Farm bill expiration looms
Washington — When the current federal farm bill and its associated conservation programs expire at the end of September, what will be there to replace it remains unknown.
Congress, following an August recess, has reconvened, but most observers say it will be a limited stay, probably fewer than 10 days. And given that the House failed to approve a farm bill prior to the recess, it’s doubtful an agreement can be reached before members return to their respective districts for the final campaign push prior to the November election.
Most likely, experts say, the current farm bill will be extended for either six months or a year, neither of which option is particularly favorable for conservation across the country.
“We’re still hopeful that Congress takes action,” Dave Nomsen, Pheasants Forever’s vice president of governmental affairs, said earlier this week. That would require that the House pass a bill, House and Senate conferees agree on final language, and the full Congress approve it.
As predicted, given prior disagreements about aspects of the bill and the limited timeframe during which to settle the matter, alternatives are being discussed, Nomsen said.
Passing a new five-year bill, he said, would be “the best scenario for conservation.”
Earlier this week, members of conservation groups and farming groups planned to rally at the Capitol to support a new farm bill. The broad-ranging interests include PF, Ducks Unlimited, and The Nature Conservancy, as well as diverse farming groups, from the American Farm Bureau Federation to the U.S. Cattlemen’s Association, USA Dry Pea and Lentil Council, and several others.
According to the collective “Farm Bill Now” groups, “Calling the farm bill the ‘farm bill’ suggests its impact is limited only to farms and to the rural areas to which they are so closely tied. It’s really a jobs bill. A food bill. A conservation bill. A trade bill. In other words, it’s a bill that affects every American.”
The conservation signature of the farm bill is the Conservation Reserve Program, one that peaked at about 37 million set-aside acres five years ago, but has since dipped below 30 million and will see more losses with contract expirations this month.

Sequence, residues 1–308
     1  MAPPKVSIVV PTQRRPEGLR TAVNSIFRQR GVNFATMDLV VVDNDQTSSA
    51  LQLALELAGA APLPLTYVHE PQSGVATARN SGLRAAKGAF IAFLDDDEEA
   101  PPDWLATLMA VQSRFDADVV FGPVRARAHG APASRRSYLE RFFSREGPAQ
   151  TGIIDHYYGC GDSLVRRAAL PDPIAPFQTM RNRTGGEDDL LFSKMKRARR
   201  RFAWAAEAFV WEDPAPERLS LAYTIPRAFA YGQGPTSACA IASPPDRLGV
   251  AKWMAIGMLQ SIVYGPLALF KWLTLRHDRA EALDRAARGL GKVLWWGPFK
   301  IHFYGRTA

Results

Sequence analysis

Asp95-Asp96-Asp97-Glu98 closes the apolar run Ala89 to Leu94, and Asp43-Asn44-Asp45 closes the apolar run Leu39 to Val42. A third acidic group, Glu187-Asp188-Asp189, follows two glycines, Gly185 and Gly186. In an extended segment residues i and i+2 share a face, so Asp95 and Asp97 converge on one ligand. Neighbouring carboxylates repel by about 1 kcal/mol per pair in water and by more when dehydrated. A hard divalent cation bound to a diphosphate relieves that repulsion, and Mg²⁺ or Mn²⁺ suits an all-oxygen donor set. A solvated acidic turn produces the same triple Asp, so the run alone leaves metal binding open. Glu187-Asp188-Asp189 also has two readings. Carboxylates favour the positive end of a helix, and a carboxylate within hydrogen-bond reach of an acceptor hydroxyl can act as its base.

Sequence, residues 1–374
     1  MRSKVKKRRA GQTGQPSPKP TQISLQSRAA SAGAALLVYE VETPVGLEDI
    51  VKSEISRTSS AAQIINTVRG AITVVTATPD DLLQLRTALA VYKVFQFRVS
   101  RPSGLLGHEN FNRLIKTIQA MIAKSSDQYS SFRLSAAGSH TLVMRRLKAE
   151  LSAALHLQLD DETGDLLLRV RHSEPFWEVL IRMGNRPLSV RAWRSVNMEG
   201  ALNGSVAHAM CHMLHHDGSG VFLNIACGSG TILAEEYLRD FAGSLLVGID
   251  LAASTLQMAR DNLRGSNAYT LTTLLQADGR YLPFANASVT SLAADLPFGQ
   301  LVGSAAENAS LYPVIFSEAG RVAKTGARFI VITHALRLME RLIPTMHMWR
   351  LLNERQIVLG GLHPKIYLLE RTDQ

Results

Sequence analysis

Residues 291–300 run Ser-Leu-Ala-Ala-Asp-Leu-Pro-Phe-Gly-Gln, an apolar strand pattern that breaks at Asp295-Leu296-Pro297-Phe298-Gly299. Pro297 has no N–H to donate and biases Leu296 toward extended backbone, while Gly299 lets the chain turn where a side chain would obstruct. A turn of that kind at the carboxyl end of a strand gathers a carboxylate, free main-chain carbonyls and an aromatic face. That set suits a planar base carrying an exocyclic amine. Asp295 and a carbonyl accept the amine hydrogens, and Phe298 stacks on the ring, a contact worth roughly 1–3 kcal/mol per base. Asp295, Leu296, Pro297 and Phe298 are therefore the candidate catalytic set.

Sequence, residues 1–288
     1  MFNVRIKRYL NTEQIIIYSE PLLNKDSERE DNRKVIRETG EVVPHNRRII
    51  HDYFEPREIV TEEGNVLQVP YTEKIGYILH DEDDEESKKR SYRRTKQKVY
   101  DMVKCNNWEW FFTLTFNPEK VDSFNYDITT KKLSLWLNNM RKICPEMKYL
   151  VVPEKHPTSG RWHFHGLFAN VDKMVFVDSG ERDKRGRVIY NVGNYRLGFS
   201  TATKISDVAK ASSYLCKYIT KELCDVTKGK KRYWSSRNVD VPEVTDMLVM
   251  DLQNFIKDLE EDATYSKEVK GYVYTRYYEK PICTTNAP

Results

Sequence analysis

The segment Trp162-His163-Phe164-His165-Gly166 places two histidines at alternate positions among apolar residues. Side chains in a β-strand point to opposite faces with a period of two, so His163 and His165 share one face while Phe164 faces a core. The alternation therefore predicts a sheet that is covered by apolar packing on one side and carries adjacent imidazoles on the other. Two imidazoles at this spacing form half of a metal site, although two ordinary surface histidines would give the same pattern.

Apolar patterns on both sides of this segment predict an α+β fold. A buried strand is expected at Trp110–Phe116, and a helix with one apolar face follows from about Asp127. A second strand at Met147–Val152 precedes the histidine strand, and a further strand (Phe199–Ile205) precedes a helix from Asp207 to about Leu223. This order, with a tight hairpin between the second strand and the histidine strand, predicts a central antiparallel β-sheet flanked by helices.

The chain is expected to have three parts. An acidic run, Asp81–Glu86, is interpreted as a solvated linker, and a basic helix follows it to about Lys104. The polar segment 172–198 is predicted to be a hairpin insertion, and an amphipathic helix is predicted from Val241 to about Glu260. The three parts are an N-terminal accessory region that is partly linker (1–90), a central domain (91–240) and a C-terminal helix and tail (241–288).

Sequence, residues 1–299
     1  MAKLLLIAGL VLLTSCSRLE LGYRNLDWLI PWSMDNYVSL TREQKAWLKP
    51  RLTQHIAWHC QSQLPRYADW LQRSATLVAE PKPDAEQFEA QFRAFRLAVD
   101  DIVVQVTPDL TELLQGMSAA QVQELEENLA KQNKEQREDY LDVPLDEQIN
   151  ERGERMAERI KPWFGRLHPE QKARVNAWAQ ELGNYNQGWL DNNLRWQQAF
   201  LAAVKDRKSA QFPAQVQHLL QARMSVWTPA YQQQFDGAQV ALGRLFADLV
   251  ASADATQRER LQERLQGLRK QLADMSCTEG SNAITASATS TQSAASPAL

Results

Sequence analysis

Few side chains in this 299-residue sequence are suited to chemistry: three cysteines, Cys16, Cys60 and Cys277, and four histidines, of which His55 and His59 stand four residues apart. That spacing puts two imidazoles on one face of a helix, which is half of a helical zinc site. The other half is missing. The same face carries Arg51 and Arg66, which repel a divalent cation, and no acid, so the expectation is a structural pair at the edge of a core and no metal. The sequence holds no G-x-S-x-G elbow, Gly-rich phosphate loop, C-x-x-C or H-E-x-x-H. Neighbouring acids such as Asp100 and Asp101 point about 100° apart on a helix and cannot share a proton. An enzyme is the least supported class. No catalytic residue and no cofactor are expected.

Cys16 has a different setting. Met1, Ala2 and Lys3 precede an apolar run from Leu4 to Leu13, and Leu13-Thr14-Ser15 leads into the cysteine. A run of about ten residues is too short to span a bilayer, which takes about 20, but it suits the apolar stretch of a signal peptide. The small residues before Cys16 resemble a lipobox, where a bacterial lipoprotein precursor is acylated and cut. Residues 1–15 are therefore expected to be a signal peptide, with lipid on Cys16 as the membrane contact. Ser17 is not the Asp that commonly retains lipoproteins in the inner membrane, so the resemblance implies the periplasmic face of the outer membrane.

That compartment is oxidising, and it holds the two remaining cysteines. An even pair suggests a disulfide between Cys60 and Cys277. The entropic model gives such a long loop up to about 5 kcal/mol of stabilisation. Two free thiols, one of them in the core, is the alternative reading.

Regardless of the pressure being applied to members of Congress by a variety of sectors, Steve Kline, the Theodore Roosevelt Conservation Partnership’s director of the center for agriculture and private land, said he’s doubtful the House will consider a “full” farm bill this month, but rather seek an extension.
“Expiration or an extension are the only two real options at this point,” Kline said Tuesday, adding that an extension could be for a full year, or half a year.
“We’d very much prefer a full farm bill,” he said.
There are several reasons. First, if the current farm bill is allowed to expire, gone with it would be the Wetland Reserve Program and the Grassland Reserve Program, which would lose authorizations, he said.
If the current bill is extended, less money may be available for conservation programs when a new bill is considered, according to Kline. How much could be lost will depend on whether or not Congress goes forward with a plan that includes “sequestration,” or across-the-board program cuts. And a wildcard in that equation: If defense spending is excluded from sequestration and other programs, conservation-related included, would absorb that exclusion.
Either way, delaying a full farm bill until next year is a “huge risk,” Kline said.
If taken up next year, the farm bill would be considered by a new Congress, with possible changes in the majority party of the House and/or Senate.
“I don’t think (passing a farm bill) gets much easier, but it can get much harder,” Kline said.
It’s possible the bill could be considered after the general election in November, before newly elected officials take office, but such lame-duck action is unlikely, he added.
What might happen in days ahead? Most observers don’t believe much. Besides, the same issues remain – factions within the House lean opposite ways. Some House Republicans believe the House Ag Committee’s approved farm bill doesn’t cut enough, while some House Democrats believe too much is cut from the nutrition (food stamp) title of the bill, which consumes about 70 percent of the funding.
A Senate bill was passed earlier this summer.
In the next couple days, Kline said, the House and Senate most likely will pass resolutions to keep government up and running come Oct. 1 (the beginning of the fiscal year), including CRP, but “that may be the end of this Congress,” he said.